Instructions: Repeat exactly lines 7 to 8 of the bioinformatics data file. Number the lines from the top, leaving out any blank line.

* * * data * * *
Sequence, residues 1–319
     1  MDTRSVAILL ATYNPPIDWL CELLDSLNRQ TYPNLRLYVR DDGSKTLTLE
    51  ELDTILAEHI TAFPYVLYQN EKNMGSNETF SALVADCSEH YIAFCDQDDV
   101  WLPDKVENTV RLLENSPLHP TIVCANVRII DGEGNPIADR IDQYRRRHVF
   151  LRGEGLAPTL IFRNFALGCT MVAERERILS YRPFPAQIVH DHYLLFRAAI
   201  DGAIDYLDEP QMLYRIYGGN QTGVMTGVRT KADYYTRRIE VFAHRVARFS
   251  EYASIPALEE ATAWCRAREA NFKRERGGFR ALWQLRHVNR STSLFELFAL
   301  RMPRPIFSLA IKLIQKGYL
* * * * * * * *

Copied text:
   251  EYASIPALEE ATAWCRAREA NFKRERGGFR ALWQLRHVNR STSLFELFAL
   301  RMPRPIFSLA IKLIQKGYL